The market may have taken a dive since the horrifying events of Sept. 11 (a trend only lately reversed, and we shall see how long that lasts). But if you had your money in liquor futures you should be sitting pretty. According to The New York Times last week, imbibers have been packing the saloons of the city in unprecedented numbers. "At a few places - a diverse list including Pravda, the Regency Hotel and McSorley's - liquor sales were 25 percent higher last month than they were in November 2000," the Times reported.
ENTERTAINMENT
By Julie Rothman, For The Baltimore Sun | November 2, 2012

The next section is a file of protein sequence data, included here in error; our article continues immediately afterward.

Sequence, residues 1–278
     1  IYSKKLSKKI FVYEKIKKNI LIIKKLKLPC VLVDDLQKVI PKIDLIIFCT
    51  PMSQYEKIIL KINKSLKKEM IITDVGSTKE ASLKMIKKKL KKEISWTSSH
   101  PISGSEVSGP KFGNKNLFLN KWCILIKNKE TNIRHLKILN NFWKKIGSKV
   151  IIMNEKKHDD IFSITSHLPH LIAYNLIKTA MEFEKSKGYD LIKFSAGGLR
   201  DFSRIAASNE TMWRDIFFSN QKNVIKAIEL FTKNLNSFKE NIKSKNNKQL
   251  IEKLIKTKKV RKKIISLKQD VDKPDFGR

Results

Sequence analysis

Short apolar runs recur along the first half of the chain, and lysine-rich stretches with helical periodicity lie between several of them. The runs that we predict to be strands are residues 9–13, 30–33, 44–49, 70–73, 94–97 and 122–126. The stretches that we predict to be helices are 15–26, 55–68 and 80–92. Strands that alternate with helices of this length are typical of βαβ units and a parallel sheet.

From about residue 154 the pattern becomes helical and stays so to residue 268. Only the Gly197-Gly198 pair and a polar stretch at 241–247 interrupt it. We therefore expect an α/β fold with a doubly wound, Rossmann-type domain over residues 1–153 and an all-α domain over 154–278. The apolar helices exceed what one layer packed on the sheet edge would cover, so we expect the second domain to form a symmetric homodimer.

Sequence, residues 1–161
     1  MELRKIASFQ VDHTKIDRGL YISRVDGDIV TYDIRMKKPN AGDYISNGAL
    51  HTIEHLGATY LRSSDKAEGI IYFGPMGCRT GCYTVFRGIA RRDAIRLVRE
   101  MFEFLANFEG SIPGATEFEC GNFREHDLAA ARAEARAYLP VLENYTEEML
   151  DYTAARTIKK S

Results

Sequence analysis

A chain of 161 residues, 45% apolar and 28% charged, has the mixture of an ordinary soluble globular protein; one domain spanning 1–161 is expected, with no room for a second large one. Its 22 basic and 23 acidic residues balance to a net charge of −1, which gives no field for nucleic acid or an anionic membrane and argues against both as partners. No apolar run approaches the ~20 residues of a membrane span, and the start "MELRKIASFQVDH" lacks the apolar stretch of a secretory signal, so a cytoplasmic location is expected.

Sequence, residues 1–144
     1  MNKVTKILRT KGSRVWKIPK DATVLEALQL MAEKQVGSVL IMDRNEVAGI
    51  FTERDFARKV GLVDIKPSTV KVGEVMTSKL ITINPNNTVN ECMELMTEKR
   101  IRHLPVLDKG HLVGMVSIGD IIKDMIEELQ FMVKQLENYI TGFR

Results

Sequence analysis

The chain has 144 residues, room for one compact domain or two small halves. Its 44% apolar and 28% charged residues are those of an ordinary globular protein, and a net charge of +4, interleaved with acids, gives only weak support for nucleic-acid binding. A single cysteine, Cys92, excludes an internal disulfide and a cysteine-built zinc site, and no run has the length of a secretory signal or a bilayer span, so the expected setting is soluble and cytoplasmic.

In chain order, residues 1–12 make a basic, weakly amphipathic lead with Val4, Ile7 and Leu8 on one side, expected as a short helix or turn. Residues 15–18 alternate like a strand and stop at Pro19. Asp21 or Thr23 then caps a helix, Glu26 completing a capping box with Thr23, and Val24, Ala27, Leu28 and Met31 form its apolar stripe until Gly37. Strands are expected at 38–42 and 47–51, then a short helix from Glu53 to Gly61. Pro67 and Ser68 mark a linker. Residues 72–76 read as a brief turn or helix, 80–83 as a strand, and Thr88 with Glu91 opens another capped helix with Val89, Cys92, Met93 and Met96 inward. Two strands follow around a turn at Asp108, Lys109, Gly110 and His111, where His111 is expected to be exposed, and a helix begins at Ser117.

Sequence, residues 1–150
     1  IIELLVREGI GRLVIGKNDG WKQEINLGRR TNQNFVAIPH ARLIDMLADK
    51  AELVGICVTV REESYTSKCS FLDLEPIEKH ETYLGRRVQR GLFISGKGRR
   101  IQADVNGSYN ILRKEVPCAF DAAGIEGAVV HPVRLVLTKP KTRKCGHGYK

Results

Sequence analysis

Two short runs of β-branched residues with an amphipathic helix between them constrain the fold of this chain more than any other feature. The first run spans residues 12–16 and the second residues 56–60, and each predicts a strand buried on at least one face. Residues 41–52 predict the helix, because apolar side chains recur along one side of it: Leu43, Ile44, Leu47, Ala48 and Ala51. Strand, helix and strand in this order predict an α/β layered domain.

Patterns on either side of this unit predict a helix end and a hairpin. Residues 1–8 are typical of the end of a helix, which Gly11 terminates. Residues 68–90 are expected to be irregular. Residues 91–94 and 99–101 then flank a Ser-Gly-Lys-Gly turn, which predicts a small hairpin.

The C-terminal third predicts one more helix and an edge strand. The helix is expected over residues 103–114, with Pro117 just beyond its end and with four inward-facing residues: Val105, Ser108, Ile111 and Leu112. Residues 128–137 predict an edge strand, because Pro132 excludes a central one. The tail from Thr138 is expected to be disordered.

Elaine Marie Smith from Reisterstown was looking for a recipe for making creamed cucumbers like the ones her mother used to serve. She said she remembers that her mother used to soak the sliced cucumbers overnight in salt water then drain them and mix them with a creamed dressing of some kind. Virginia Terzian from Santa Rosa, Calif., sent in her family recipe for creamed cucumbers that she is certain Smith will enjoy. She said her mother, Viola Knapp, who was wonderful cook from Pennsylvania Dutch country, always served this cucumber dish with string beans, potatoes and ham or as a side dish with Weiner Schnitzel when she was growing up. She said the recipe must be at least 100 years old and is still one of her favorites.
ENTERTAINMENT
By Meekah Hopkins | August 2, 2011